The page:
The one question I heard over and over again in hallway conversations at ASU+GSV was “Do you think there will be a single presentation that doesn’t mention ChatGPT, Large Langauge Models (LLMs), and generative AI?”
Nobody I met said “yes.” AI seemed to be the only thing anybody talked about.
And yet the discourse sounded a little bit like GPT-2 trying to explain the uses, strengths, and limitations of GPT-5. It was filled with a lot of empty words, peppered in equal parts with occasional startling insights and ghastly hallucinations.
That lack of clarity is not a reflection of the conference or its attendees. Rather, it underscores the magnitude of the change that is only beginning. Generative AI is at least as revolutionary as the graphical user interface, the personal computer, the touch screen, or even the internet. Of course we don’t understand the ramifications yet.
Still, lessons learned from GPT-2 enabled the creation of GPT-3 and so on. So today, I reflect on some of the lessons I am learning so far regarding generative AI, particularly in EdTech.
Generative AI will destroy so we can create
Most conversations on the topic of generative AI have the words “ChatGPT” and “obsolete” in the same sentence. “ChatGPT will make writing obsolete.” “ChatGPT will make programmers obsolete.” “ChatGPT will make education obsolete.” “ChatGPT will make thinking and humans obsolete.” While some of these predictions will be wrong, the common theme behind them is right. Generative AI is a commoditizing force. It is a tsunami of creative destruction.
Consider the textbook industry. As long-time e-Literate readers know, I’ve been thinking a lot about how its story will end. Because of its unusual economic moats, it is one of the last media product categories to be decimated or disrupted by the internet. But those moats have been drained one by one. Its army of sales reps physically knocking on campus doors? Gone. The value of those expensive print production and distribution capabilities? Gone. Brand reputation? Long gone.
Just a few days ago, Cengage announced a $500 million cash infusion from its private equity owner:
“This investment is a strong affirmation of our performance and strategy by an investor who has deep knowledge of our industry and a track record of value creation,” said Michael E. Hansen, CEO, Cengage Group. “By replacing debt with equity capital from Apollo Funds, we are meaningfully reducing outstanding debt giving us optionality to invest in our portfolio of growing businesses.”Cengage Group Announces $500 Million Investment From Apollo Funds (prnewswire.com)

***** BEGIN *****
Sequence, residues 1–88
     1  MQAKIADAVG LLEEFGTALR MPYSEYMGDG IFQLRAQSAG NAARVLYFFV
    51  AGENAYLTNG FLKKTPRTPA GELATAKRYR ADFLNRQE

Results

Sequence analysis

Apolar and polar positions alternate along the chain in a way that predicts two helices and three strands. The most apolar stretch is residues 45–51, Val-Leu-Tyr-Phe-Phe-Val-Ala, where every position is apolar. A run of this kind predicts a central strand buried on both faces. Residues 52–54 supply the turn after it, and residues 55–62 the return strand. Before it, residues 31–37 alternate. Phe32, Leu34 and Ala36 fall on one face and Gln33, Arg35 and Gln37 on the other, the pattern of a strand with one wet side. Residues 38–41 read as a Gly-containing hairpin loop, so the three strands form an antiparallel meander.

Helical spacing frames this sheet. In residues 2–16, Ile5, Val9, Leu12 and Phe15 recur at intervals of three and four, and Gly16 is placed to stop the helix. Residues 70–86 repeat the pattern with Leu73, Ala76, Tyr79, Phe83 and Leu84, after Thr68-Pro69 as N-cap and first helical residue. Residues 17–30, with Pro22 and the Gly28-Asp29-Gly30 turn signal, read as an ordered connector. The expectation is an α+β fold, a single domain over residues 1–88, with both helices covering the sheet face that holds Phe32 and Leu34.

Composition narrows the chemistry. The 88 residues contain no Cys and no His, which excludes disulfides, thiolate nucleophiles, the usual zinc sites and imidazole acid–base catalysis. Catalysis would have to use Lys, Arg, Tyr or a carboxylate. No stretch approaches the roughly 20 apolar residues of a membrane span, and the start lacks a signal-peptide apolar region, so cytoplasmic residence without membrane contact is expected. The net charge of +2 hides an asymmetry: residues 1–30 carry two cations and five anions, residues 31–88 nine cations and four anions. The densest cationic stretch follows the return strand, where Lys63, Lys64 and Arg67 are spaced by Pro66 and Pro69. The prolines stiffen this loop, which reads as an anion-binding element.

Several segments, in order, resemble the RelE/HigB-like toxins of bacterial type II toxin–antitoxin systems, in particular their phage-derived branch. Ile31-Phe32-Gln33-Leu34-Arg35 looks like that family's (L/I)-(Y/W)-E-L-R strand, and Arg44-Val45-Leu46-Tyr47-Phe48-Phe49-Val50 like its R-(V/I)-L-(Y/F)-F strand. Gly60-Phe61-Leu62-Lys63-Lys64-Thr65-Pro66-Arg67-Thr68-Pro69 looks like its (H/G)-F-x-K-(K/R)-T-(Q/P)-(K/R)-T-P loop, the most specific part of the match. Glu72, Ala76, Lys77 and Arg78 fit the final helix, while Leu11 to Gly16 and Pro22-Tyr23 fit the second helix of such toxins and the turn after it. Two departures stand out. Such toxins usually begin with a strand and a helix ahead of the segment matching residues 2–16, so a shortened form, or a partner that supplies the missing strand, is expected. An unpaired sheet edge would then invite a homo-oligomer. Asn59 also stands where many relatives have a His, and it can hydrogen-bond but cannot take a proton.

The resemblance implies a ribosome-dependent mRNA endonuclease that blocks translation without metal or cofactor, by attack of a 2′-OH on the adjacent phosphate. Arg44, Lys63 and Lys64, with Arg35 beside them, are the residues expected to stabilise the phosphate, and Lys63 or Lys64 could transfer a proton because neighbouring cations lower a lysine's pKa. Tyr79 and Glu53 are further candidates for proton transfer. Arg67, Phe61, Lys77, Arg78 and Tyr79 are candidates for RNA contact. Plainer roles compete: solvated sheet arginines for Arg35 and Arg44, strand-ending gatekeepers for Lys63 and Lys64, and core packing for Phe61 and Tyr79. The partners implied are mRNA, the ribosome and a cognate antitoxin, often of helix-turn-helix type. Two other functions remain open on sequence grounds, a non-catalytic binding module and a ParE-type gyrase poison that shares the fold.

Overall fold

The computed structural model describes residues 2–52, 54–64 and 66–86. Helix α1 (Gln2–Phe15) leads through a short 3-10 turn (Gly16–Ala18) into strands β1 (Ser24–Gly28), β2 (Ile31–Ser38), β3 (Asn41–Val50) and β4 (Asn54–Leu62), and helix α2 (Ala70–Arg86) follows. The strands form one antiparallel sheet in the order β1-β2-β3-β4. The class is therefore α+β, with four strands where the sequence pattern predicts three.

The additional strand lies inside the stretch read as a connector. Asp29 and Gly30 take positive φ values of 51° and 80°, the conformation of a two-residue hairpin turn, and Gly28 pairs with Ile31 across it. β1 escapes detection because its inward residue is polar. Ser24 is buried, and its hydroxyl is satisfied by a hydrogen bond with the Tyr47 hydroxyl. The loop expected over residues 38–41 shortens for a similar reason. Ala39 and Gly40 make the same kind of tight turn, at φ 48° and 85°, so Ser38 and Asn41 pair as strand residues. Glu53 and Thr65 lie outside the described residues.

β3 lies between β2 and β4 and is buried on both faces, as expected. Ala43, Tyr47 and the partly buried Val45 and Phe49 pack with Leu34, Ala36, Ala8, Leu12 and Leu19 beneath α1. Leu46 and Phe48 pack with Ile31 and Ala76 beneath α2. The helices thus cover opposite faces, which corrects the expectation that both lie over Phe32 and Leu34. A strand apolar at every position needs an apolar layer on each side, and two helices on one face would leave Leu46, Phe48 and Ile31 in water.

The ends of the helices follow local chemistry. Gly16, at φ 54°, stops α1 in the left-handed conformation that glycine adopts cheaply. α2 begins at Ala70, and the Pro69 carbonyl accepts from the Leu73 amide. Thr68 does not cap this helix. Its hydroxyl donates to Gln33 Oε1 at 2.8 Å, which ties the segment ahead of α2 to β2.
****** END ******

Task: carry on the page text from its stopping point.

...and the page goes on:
That’s PR-speak for “our private equity owners decided it would be better to give us yet another cash infusion than to let us go through yet another bankruptcy.”
What will happen to this tottering industry when professors, perhaps with the help of on-campus learning designers, can use an LLM to spit out their own textbooks tuned to the way they teach? What will happen when the big online universities decide they want to produce their own content that’s aligned with their competencies and is tied to assessments that they can track and tune themselves?
Don’t be fooled by the LLM hallucination fear. The technology doesn’t need to (and shouldn’t) produce a perfect, finished draft with zero human supervision. It just needs to lower the work required from expert humans enough that producing a finished, student-safe curricular product will be worth the effort.
How hard would it be for LLM-powered individual authors to replace the textbook industry? A recent contest challenged AI researchers to develop systems that match human judgment in scoring free text short-answer questions. “The winners were identified based on the accuracy of automated scores compared to human agreement and lack of bias observed in their predictions.” Six entrants met the challenge. All six were built on LLMs.
This is a harder test than generating anything in a typical textbook or courseware product today.
The textbook industry has received ongoing investment from private equity because of its slow rate of decay. Publishers threw off enough cash that the slum lords who owned them could milk their thirty-year-old platforms, twenty-year-old textbook franchises, and $75 PDFs for cash. As the Cengage announcement shows, that model is already starting to break down.